Things aren’t going so well for Mickey. An adjunct professor, her classload just keeps getting cut, and her paychecks can’t cover her expensive thyroid medication. She decides to supplement her income with a second job and happens upon The Saloon, a bar in need of a new server.

Widower Diego worries he’s running his wife’s bar into the ground. He’s not only worried about his business, but he’s also going back to school at 41 years old and fully expects to fail his English 101 course.

When Mickey realizes her hunky new boss is one of her new students and Diego discovers the embodiment of sunshine, he can’t stop staring at his professor, and things get complicated real quick. The two have to navigate their power dynamics in a hurry because the attraction between them is too much to ignore.

Oh, boy, was this a charming read! It’s so nice to find a nontraditional romance like this, where both of the leads are older than 30, where the gal is plus-sized, where the couple is biracial and neither is white (Mickey’s Black, while Diego is Puerto Rican).

It’s such a solid take on the grumpy/sunshine trope, and the supporting characters are super fun in their own right.

On a personal note, I got to meet Charish Reid when she made an unexpected visit at the Barnes I work at, and she was a lovely lady. I’m most definitely going to read everything she writes henceforth.


Artist Cassie is about to be evicted when she finds a too-good-to-be-true “roommate needed” ad. She’s pretty sure only a murderer would lease a room in Chicago for a mere $200, but what other options does she have? At least the guy’s nighttime schedule means they’ll rarely cross paths.

Frederick J. Fitzwilliam is handsome, polite and leaves her lovely notes. When Cassie finds bags of blood in the fridge, the truth comes out: Frederick is a vampire, and he needs a human to teach him about blending in with modern society.

As their “human lessons” progress, Cassie and Frederick draw closer and closer.

Full disclosure: This book started life as a Reylo (Rey/Kylo Ren of “Star Wars”) fanfic. Personally, I’m not a fan of that ship. Putting the origins aside, this is a frequently hysterical, often adorable paranormal rom-com, and I’m very much looking forward to Levine’s next book.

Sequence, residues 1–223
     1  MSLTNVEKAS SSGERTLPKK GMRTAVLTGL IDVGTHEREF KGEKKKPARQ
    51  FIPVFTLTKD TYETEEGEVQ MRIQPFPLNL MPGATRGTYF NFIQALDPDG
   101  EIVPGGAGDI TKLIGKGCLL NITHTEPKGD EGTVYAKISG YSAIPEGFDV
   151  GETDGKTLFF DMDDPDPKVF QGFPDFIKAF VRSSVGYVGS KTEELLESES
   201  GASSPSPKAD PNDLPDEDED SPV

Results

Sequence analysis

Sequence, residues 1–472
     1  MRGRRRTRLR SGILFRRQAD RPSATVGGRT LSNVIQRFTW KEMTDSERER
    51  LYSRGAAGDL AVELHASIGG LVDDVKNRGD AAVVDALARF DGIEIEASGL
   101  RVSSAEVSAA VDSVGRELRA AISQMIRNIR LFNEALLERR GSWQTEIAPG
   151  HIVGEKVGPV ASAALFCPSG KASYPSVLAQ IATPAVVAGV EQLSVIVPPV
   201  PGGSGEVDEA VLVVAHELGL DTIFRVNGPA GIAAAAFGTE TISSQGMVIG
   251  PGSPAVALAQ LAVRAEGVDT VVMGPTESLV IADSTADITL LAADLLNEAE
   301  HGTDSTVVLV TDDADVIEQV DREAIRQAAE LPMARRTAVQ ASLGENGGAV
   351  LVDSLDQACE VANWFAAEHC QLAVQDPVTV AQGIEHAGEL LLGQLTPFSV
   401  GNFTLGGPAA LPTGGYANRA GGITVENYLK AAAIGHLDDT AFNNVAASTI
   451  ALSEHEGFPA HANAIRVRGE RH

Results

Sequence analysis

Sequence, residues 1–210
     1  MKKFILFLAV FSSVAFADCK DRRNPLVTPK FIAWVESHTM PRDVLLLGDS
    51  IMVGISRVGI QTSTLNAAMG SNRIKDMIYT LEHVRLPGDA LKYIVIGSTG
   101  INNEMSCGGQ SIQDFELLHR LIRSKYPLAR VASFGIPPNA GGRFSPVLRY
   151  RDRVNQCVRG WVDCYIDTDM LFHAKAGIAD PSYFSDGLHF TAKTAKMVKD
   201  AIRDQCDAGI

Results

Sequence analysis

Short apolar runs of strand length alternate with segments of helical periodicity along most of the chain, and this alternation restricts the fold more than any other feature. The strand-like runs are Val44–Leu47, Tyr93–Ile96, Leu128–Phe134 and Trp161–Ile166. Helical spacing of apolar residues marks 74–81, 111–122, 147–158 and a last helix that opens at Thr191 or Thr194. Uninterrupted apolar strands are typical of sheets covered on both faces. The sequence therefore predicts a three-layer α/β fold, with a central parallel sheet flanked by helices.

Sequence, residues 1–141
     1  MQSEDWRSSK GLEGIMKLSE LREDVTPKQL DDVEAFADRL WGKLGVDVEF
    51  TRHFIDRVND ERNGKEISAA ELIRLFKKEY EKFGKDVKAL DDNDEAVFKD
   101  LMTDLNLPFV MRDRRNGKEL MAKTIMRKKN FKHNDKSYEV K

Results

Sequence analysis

1. “Things We Never Got Over” by Lucy Score

Naomi has just run away from her own wedding to the rural town of Knockemout, Virginia, to look for her twin, Tina, who’s in trouble (again). When she arrives, she finds an 11-year-old niece she never knew existed while Tina promptly steals her car – and all of her money.

This is not Naomi’s best day ever.

Knox is a beardy, tattooed grump who cuts hair by day and runs the local bar, the Honky Tonk, by night. The self-professed bad boy is a proud love-’em-and-leave-’em type and refuses to saddle himself with a needy good girl.

Naomi’s predicament isn’t one he can turn a blind eye to, and before long, he’s going out of his way to make things easier for the damsel in distress.

Who doesn’t love a grumpy hero who actually has a heart of gold? How can you resist the ridiculously over-the-top soap opera tropes here? There’s literally an evil twin, a runaway bride and a lotto millionaire who pours his money into his hometown! There’s also a sassy gay BFF who looks like Henry Golding, criminal shenanigans, bikers, jaded preteens and fake dating!

Score writes books that look like bricks (most are about 600 pages) but are actually marshmallows: dangerously sugary and addictive.

Now, I’m not about to say that she writes high literature. But I will say I haven’t had this much fun with a book in a long time. I enjoyed every minute I spent in Knockemout and fell hard for every kooky character I met.

That’s just further proof that any book you enjoy reading is a great book. So never let a naysayer yuck your yum or guilt you for enjoying something campy or silly, especially when that something shakes you out of a slump.

Angie Barry is a contributing columnist for Shaw Media. To suggest future topics for The B-List, which covers topics in pop culture, history and literature, contact her at newsroom@mywebtimes.com.